Abortion is still a major topic of debate, and the definitive answer on when life begins is discussed by people from all walks of life and across political aisles. Even when talking with left-leaning individuals, there are still disagreements as to when a fetus is no longer just “a clump of cells.”

But if this issue is unclear, and the interpretations of where the line should be drawn are so complex on both sides, why have policymakers already decided for us?

According to Jennifer Rubin with the Washington Post, the DNC holds a “radical” party platform on the interpretation of Roe V. Wade. In commenting on the DNC’s 2012 election platform, she noted the following:

[T]he platform explicitly opposes any (parental notification, partial-birth abortion) regulation of abortion and considers public funding of any type of abortion to be a “right.” This means the Democratic Party would favor, for example, public funding of partial-birth abortions. Now, that is extreme.

This position, however, cuts against the majority of Americans’ opinions about abortion.  Jennifer Harper with The Washington Times analyzed several polls, and discovered that 81 percent of Americans–including 66 percent of pro-choice advocates–would place some kind of restriction on the practice.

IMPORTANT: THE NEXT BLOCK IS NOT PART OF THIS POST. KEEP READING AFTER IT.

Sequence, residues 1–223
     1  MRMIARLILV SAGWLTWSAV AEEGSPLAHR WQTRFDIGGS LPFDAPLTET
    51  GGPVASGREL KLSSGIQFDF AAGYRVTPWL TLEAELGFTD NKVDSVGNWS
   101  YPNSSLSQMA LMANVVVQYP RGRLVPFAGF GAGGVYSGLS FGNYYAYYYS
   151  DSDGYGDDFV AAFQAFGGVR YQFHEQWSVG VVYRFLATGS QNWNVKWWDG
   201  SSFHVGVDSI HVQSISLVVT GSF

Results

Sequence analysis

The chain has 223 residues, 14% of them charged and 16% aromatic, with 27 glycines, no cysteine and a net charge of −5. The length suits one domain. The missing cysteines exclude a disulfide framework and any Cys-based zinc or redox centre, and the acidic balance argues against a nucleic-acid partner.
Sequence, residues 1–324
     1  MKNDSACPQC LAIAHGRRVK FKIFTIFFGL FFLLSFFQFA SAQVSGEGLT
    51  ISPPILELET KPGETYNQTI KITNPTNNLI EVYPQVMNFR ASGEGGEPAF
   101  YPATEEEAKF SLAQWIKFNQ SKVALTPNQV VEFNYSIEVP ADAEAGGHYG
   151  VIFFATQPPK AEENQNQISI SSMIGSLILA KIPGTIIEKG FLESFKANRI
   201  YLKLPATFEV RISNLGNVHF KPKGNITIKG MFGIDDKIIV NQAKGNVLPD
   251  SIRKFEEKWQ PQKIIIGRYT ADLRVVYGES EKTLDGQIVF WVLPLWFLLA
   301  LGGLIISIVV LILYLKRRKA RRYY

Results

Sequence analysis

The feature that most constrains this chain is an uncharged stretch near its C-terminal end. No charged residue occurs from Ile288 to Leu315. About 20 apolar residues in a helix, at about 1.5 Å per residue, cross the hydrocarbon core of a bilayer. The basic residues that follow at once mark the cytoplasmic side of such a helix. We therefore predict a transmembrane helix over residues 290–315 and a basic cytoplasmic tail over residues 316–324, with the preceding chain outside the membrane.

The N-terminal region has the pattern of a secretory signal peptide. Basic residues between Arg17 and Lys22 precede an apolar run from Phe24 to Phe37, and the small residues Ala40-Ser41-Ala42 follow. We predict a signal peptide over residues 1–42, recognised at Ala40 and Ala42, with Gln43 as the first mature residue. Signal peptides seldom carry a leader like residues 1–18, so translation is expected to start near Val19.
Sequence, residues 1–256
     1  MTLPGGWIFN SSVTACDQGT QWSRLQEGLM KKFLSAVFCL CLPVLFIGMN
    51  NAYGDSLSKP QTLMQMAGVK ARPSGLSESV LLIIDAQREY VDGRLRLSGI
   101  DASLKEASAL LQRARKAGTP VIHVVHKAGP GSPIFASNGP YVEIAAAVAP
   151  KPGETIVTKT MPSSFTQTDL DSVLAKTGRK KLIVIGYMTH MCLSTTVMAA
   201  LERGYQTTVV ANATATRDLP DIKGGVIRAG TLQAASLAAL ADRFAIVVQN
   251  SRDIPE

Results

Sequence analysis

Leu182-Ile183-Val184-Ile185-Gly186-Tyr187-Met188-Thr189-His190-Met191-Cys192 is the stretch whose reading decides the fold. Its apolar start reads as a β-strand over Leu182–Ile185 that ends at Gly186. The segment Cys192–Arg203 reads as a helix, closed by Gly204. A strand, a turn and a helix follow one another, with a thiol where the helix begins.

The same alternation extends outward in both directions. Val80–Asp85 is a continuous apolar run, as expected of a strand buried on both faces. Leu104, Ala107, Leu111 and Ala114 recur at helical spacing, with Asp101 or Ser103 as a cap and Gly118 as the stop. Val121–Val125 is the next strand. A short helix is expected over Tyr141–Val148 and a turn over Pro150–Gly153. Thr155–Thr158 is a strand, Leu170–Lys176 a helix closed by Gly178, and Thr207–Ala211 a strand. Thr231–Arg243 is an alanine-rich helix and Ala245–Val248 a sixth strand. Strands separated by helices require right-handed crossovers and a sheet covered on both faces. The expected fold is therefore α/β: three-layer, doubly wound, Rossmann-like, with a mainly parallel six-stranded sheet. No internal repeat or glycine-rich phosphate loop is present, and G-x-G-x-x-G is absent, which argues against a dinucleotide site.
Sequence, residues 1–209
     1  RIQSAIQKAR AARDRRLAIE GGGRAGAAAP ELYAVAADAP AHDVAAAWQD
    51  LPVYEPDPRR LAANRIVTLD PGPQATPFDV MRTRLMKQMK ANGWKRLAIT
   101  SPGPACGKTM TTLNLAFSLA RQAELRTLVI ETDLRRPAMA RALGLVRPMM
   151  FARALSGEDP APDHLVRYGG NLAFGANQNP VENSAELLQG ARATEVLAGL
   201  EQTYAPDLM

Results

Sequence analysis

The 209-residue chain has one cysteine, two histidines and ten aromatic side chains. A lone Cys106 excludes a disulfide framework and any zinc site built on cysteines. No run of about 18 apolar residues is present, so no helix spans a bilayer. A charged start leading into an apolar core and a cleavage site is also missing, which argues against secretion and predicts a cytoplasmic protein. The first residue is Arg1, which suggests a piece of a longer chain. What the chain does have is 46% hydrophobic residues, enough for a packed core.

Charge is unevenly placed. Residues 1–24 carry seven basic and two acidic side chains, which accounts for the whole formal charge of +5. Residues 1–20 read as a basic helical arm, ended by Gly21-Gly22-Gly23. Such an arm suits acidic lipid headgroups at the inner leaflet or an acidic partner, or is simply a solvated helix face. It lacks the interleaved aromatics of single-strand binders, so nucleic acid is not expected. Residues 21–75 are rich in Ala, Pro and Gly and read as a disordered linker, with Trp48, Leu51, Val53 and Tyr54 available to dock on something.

Gallup Polling, the leader in scientific national polling, shows a similar divided trend. According to polls taken in May 2016, 50 percent of Americans believe abortion should be legal only under specific circumstances, and 19 percent said it should be entirely illegal. Only 29 percent said it should be legal under any circumstances. In focusing on “legal under any circumstances” abortion policies, politicians ignore a whopping 69 percent of the population.


According to radio host and commentator Elisha Krauss, European abortion policies are in many cases much more conservative than US policy. European governments have implemented restrictions on partial-birth abortions, and most abortions past 22 weeks are banned or scrutinized by government agencies. A major reason that abortion in European countries is as regulated as it is today is not because those countries are more pro-life, but rather because they want to properly represent the will of their citizens.

It is irresponsible for elected leaders to ignore the views of the American people, especially on such a divisive and emotionally-driven issue. Whether someone is pro-life or pro-choice, this issue is being misrepresented by our government and needs to change. The internal conflicts within both parties, the overwhelming statistics showing support for regulation, and existing policies in other nations paint a very different picture than the one shown by the mainstream media.